New face on the masthead

Margaret Mangan, a volcanologist with the U.S. Geological Survey (USGS) and a member of the Geological Society of America and American Geophysical Union (AGU), joins the editors-in-chief team of AGU's Journal of Volcanology and Geothermal Research on Jan. 1. She is replacing Greg Valentine, who is stepping down from the editorial position after eight years.

Mangan accepted the editorial responsibilities based on her desire to help encourage young women in the geosciences and on her commitment to help communicate earth science. "Before anything is submitted, part of the role of the editor is to seek out submissions," she says. As an editor, Mangan looks forward to the opportunity to teach young scientists and especially women early in their careers how to better communicate their work and highlight important aspects of a journal article.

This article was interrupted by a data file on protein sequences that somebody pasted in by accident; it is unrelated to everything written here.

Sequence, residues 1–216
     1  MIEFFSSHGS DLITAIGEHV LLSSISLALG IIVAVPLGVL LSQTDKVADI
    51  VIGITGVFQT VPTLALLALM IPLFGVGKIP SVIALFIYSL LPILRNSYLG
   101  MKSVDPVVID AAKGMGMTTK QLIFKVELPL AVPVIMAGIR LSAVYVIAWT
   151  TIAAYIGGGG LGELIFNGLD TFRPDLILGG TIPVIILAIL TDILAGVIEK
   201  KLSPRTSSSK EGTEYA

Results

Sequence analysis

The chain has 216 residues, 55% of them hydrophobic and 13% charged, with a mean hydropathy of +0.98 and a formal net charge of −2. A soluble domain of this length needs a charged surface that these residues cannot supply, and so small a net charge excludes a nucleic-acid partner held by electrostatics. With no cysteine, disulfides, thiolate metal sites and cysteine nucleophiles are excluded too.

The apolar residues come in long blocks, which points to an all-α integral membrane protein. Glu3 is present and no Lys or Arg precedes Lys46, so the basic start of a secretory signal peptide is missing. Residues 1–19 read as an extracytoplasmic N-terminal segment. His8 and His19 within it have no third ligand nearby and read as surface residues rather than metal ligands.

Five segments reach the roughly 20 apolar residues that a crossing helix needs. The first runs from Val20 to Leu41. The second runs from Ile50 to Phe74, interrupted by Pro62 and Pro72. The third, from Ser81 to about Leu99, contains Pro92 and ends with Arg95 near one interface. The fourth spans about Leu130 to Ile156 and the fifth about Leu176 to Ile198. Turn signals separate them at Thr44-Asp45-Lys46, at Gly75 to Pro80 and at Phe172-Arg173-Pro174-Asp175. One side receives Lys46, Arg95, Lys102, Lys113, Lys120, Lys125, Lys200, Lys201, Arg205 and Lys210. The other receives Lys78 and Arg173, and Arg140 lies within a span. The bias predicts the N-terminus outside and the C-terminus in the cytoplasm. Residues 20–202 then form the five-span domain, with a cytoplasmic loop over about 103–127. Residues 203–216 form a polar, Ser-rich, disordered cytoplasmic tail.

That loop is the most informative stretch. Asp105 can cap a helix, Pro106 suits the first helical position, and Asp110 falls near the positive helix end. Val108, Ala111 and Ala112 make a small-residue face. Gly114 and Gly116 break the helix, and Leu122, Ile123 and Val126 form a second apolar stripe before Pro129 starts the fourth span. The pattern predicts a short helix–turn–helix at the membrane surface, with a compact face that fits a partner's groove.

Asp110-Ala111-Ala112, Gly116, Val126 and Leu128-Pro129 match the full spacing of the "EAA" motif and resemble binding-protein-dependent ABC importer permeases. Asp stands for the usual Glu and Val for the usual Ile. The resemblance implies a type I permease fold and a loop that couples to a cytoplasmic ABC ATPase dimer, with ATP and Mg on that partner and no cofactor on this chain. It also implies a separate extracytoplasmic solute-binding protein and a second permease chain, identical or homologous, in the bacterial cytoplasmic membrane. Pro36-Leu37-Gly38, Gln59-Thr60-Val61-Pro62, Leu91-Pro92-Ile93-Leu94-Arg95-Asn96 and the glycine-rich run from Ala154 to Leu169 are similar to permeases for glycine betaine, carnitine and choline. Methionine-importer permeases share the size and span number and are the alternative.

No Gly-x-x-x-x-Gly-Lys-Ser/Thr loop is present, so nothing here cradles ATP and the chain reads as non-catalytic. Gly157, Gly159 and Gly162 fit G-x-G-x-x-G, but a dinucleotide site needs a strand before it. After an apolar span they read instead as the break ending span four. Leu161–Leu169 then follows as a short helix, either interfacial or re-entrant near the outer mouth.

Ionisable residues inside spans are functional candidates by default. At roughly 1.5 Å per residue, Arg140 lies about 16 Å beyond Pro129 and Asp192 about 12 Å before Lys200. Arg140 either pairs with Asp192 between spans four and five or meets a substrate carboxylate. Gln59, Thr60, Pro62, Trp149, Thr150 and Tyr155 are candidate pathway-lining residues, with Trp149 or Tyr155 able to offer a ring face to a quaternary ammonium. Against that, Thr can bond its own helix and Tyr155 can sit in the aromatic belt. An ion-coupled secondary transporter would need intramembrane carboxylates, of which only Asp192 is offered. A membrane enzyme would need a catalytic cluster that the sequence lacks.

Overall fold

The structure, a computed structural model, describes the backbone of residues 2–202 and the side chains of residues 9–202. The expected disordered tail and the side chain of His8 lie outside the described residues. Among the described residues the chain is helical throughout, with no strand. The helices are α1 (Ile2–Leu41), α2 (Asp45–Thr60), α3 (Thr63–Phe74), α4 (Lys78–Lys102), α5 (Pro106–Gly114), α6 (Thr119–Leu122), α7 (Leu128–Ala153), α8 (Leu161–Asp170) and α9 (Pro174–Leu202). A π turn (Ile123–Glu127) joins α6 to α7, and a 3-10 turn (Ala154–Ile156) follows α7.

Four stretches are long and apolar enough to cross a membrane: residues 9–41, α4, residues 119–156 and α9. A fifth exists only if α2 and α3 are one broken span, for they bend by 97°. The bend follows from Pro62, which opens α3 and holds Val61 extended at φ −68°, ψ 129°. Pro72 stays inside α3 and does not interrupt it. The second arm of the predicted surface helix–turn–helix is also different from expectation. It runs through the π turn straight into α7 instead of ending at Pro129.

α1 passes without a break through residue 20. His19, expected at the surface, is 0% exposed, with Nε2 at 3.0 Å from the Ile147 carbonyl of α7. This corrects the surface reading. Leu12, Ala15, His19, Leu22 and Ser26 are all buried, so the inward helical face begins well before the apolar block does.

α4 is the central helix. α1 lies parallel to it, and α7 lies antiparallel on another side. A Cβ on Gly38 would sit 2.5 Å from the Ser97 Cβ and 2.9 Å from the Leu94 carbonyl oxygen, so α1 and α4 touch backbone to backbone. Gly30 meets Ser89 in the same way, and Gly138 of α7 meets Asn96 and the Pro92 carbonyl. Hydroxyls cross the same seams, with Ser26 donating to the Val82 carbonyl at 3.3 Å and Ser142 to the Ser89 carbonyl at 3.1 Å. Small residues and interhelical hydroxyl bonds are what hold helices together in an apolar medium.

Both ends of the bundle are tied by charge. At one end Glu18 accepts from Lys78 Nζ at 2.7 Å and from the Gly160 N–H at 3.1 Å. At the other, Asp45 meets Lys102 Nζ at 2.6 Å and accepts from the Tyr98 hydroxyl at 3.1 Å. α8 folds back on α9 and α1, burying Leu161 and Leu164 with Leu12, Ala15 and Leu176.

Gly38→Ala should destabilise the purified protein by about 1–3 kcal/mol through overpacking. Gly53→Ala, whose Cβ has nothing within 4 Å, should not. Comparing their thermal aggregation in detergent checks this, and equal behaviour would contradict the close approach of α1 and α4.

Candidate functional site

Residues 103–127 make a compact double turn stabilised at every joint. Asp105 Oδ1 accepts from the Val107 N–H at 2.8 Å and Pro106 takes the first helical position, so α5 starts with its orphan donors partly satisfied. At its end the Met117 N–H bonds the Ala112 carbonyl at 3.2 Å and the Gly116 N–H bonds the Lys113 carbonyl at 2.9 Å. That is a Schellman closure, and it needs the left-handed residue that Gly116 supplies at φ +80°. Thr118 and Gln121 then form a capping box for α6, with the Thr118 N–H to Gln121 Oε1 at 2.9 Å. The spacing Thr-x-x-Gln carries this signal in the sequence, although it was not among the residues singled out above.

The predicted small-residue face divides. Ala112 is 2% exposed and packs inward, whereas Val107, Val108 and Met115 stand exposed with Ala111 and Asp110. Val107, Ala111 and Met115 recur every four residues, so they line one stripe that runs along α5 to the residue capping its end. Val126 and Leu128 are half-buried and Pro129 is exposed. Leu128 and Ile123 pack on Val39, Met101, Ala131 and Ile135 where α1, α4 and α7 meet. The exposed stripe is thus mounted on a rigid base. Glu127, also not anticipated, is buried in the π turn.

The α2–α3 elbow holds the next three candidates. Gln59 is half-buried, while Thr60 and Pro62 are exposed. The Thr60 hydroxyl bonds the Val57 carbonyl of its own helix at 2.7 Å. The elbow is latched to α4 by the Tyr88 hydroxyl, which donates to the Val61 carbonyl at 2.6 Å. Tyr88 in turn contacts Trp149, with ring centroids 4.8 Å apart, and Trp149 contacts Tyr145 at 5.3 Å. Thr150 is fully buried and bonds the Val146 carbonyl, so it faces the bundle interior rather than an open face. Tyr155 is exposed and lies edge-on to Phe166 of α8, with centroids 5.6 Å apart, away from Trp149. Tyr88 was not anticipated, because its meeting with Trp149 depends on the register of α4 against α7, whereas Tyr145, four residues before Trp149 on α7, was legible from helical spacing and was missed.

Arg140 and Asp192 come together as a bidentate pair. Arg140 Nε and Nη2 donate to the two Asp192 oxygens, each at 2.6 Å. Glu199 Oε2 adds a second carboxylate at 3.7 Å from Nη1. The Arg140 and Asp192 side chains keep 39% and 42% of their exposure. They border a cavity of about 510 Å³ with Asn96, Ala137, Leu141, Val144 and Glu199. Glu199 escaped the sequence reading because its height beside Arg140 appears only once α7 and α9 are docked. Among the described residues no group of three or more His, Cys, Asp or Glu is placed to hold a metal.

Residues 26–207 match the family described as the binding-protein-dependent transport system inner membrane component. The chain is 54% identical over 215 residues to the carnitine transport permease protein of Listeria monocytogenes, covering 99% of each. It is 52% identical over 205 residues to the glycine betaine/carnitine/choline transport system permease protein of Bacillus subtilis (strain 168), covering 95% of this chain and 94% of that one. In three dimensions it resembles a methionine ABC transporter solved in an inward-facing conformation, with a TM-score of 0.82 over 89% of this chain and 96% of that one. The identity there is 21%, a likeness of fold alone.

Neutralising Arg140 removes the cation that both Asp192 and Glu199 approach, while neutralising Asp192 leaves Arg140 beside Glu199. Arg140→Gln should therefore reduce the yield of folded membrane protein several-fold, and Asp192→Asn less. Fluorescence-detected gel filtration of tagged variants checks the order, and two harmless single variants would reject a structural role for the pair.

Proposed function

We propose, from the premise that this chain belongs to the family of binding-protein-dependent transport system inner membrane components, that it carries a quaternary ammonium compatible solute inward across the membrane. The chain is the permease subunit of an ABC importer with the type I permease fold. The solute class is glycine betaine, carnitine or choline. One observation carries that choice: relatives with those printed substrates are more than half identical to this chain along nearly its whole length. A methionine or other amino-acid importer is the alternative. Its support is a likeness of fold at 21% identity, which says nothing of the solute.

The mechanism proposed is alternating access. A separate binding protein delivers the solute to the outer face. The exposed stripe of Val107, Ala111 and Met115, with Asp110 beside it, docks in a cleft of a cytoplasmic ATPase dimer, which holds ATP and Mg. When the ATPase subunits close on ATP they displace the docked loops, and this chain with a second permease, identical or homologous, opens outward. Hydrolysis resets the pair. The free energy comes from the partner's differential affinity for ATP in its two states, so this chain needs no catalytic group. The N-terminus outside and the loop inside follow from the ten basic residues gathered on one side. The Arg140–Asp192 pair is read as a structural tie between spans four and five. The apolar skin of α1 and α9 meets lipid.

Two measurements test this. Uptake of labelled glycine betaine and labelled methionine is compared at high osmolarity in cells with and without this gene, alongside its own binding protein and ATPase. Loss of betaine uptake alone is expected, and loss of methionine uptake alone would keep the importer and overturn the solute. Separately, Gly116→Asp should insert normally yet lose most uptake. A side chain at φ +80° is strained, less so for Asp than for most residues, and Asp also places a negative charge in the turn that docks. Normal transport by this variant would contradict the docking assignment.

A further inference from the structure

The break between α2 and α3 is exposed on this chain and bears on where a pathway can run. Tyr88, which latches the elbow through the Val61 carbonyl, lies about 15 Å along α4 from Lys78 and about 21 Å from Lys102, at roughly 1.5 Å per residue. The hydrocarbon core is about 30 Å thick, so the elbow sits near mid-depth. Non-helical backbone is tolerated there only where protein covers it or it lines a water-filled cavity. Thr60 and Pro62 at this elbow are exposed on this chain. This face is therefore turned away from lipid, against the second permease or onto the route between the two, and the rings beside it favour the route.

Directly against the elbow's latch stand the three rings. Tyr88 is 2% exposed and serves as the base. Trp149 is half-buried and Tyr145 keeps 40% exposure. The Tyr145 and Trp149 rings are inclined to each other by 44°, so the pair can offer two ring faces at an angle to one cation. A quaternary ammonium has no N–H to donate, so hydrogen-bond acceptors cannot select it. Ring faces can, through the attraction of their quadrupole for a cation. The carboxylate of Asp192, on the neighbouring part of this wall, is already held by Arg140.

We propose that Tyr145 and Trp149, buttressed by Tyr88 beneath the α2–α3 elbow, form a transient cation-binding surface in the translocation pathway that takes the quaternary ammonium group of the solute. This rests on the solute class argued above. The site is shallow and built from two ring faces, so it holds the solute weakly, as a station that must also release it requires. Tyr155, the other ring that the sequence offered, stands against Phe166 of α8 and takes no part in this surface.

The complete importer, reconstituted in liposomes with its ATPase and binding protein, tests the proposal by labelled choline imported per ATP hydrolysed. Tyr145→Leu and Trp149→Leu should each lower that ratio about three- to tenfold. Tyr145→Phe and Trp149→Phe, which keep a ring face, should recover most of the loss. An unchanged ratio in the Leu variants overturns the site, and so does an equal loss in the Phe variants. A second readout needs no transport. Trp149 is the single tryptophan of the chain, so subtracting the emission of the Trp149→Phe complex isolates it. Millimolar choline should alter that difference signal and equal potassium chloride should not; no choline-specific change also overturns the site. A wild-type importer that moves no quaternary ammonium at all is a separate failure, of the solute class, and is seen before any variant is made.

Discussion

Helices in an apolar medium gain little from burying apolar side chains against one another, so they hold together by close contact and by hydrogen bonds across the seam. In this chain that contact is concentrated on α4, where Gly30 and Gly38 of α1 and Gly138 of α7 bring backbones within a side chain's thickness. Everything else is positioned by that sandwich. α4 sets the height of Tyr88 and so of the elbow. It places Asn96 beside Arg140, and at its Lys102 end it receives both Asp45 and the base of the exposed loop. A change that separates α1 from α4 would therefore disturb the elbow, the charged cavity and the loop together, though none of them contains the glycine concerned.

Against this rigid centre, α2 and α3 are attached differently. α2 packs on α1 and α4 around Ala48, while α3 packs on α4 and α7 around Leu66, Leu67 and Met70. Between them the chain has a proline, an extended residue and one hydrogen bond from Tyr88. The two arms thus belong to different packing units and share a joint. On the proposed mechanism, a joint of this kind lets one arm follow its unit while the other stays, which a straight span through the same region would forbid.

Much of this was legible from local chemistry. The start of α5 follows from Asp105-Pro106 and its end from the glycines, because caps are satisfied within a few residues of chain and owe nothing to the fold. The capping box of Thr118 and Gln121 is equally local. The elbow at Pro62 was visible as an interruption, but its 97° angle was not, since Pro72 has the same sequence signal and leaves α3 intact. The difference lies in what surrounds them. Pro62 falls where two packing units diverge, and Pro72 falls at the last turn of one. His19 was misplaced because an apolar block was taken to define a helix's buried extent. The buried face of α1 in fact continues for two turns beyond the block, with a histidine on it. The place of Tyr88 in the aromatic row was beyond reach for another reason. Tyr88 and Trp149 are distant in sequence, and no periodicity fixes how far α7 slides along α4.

Mangan will be one of five editors-in-chief in charge of manuscript submissions and reviews. "The basic job of the editors is setting science policy for the journal, managing the peer review process and being responsible for the acceptance and rejection of individual papers," she says. Mangan has worked with the USGS since 1983 and is currently based in Menlo Park, Calif. Prior to that, she was stationed at the Hawaii Volcano Observatory from 1990 to 1998. When she moved from Hawaii to California, she switched from studying active volcanoes to doing experiments using high temperatures and pressures.

Margaret Mangan at Kilauea Volcano.
Courtesy of M. Mangan


Associate Editor Christina Reed writes the Society Page.